– Industrial Plants Point Source Example • LUST Leaky Underground Storage Tanks • 22% of the 1.2 million UST are LUSTy • Look at water pollution from gasoline... Point source examples Nonpoint Sources
• Diffuse source or many smaller point sources • Automobiles • Fertilizer on fields Non point source examples Nonpoint source pollutants nutrients 31 Weather & Watersheds: Flooding Weather & Watersheds: Flooding A flood occurs anytime a water body overflows or when an unusual amount of water collects in dry areas. Because urban watersheds contain so many paved surfaces… Less water goes into the ground, and… More heads for the nearest stream or low lying area. Urban Flooding Urban Flooding A flash flood is a particularly dangerous type of flood that occurs within 6 hours or even an hour after the start of rainfall. Flash Flooding Flash Flooding Flash floods are typically caused by intense thunderstorm downpours, but… Causes of Flash Floods Causes of Flash Floods …the failure of a dam or levee can also trigger flash flooding. Sometimes a hurricane’s worst punch comes after the storm has passed. Hurricane Floyd (1999) Flooding from Tropical Storms Flooding from Tropical Storms This was the case with Hurricane Floyd, which left North Carolina inundated with historic and deadly floods days after the storm. How can drought impact a watershed?
1. Reduced soil moisture (plant stress) 2. Reduced water levels in lakes, reservoirs, wetlands 3. Reduced water flow in streams, rivers, springs 4. Groundwater depletion, land subsidence 5. Water quality problems Weather & Watersheds: Drought Weather & Watersheds: Drought Drought in Your Area Drought in Your Area
Resources: U.S. Drought Monitor http://drought.unl.edu/dm/monitor.html Click on your state for a closeup view of drought stages. • Based on current water quality standards, over 70 percent of our rivers, 68 percent of our estuaries and 60 percent of our lakes now meet legislatively mandated goals. • Some of the risks include – pollutant runoff from agricultural lands – stormwater flows from cities Water Pollution – Meeting the Standards of the Clean Air Acts • About 40,000 times each year, sanitary sewers overflow and release raw sewage to streets and waterbodies.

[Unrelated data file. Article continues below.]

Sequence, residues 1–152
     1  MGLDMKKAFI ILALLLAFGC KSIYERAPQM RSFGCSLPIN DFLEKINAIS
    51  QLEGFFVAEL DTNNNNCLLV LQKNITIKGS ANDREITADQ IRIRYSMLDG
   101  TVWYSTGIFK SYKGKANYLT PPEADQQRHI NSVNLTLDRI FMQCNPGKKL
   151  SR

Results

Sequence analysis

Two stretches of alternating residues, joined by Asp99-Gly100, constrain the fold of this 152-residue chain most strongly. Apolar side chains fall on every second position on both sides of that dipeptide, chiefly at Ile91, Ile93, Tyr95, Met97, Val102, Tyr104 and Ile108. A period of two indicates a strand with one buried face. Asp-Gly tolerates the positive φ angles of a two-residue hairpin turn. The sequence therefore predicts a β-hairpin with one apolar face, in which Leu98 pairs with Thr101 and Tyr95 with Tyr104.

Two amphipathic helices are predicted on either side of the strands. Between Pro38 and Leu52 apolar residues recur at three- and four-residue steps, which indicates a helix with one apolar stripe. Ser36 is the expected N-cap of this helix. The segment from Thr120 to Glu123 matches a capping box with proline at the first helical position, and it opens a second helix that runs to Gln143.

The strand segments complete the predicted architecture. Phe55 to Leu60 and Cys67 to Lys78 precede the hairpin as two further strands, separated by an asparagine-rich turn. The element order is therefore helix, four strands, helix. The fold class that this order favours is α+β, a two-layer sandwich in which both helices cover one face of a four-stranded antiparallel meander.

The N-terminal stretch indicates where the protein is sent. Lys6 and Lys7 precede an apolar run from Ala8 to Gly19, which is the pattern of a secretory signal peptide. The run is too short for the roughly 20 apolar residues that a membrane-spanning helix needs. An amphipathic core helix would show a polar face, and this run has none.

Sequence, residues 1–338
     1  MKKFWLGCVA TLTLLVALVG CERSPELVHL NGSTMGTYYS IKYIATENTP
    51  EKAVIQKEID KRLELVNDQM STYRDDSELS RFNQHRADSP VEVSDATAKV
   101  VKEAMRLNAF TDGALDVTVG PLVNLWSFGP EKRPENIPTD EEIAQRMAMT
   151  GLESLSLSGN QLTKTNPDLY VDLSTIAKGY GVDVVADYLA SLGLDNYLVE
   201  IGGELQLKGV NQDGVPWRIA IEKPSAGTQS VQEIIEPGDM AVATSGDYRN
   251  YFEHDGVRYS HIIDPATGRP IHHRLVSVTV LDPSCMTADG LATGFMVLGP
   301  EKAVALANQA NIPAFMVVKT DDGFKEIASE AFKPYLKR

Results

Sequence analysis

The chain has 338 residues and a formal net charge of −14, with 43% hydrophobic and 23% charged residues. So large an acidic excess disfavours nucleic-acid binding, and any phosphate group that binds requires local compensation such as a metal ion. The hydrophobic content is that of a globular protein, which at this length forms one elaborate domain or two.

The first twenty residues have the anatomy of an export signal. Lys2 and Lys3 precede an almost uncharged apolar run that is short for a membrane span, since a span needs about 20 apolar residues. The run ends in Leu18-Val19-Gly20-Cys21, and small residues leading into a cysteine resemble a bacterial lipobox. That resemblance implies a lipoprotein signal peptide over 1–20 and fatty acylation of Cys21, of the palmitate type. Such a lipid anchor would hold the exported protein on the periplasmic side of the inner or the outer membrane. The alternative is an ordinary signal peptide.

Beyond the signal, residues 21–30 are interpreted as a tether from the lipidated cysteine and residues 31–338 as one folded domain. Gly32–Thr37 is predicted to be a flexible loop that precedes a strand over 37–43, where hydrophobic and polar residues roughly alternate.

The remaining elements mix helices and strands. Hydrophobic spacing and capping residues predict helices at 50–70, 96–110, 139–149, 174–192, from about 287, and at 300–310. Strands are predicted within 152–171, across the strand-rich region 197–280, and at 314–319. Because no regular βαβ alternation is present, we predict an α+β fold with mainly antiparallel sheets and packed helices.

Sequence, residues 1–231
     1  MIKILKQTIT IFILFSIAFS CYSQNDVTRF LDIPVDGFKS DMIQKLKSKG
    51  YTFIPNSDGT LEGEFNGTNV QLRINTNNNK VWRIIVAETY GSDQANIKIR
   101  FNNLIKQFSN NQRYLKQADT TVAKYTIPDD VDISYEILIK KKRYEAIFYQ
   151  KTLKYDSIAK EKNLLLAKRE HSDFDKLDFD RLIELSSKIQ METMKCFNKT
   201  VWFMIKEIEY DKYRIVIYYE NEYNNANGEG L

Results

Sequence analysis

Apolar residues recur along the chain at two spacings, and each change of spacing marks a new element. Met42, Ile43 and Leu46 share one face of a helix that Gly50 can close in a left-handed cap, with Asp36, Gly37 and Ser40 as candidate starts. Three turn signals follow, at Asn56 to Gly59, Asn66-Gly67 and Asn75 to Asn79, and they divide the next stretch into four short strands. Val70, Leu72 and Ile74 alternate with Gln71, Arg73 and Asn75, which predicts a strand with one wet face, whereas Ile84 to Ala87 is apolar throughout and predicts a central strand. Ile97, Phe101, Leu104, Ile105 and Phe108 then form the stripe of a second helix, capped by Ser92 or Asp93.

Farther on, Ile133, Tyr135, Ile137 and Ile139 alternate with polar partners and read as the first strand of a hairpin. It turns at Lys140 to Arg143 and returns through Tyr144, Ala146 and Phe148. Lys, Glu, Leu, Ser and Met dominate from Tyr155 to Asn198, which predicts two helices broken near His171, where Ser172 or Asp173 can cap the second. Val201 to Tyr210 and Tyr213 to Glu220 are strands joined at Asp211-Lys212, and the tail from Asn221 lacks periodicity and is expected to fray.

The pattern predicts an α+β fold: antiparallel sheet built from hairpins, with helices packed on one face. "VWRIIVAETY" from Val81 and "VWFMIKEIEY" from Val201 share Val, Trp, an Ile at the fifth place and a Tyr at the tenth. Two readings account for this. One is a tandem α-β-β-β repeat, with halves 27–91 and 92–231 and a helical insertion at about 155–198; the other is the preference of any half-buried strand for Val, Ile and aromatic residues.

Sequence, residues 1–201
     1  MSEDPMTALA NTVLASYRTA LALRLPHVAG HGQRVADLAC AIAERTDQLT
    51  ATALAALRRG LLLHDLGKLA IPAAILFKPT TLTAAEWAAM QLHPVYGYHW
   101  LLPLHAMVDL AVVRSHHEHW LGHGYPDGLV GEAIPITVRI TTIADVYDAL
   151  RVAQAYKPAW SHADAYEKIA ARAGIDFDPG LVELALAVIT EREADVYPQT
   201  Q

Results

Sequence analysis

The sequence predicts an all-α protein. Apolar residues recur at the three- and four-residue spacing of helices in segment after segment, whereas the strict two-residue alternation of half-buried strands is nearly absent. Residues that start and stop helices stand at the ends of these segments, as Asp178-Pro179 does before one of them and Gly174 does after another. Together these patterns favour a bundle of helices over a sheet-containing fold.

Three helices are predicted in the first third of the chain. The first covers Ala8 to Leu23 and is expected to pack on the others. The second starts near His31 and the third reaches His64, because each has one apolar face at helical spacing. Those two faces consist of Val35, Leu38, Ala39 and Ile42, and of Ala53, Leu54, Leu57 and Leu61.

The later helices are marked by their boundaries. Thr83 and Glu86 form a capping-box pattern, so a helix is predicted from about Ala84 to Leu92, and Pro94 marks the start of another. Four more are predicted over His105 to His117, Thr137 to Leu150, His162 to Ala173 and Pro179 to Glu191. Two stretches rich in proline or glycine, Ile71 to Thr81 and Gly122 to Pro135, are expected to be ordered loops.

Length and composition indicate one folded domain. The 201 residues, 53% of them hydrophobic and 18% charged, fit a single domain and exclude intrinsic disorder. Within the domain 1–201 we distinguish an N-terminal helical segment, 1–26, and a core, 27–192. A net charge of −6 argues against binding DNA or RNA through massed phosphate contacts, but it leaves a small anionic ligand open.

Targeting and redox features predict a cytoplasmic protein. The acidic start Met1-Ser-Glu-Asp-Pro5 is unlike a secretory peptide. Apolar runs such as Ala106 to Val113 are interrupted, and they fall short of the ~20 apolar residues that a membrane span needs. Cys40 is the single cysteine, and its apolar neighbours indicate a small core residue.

39 Protecting Watersheds: Protecting Watersheds: What You Can Do Everyday
Simple Ways to Protect Your Watershed • Don’t Dump or Litter • Water and Landscape Wisely • Control the Flow • Pick up After Rover • Fix that Leak • Participate in a Cleanup Air Pollution 41 Air pollutant impacts
• • • • • • • Greenhouse effect Ozone depletion acidification smog formation eutrophication human health ecosystem health
42 43 44 Criteria Air Pollutants
• EPA uses six "criteria pollutants" as indicators of air quality • EPA established for each of them a maximum concentration above which adverse effects on human health may occur. 45 Criteria air pollutants
• Nitrogen Dioxide: NO2 – brownish gas irritates the respiratory system originates from combustion (N2 in air is oxidized); NOx sum of NO, NO2, other oxides of N – primary constituent of urban smog – reaction of VOC + NOx in presence of heat +sun light – reduces bloods ability to carry O2 – product of incomplete combustion
46 • Ozone: ground level O3 • Carbon monoxide: CO • Lead: Pb – cause learning disabilities in children , toxic to liver, kidney, blood forming organs – tetraethyl lead – anti knock agent in gasoline
• leaded gasoline has been phased out • Particulate Matter: PM10 (PM 2.5) • Sulfur Dioxide: SO2
– respiratory disorders – formed when fuel (coal, oil) containing S is burned and metal smelting – precursor to acid rain along with NOx
47 Additional Resources
• Air pollution
– US EPA
• http://www.epa.gov/oar/oaqps/ • http://www.epa.gov/air/ • Water pollution
– US EPA • http://www.epa.gov/water/
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This note was uploaded on 04/28/2011 for the course LANDSCAPE 0845 taught by Professor Welborne during the Fall '10 term at Temple.
- Fall '10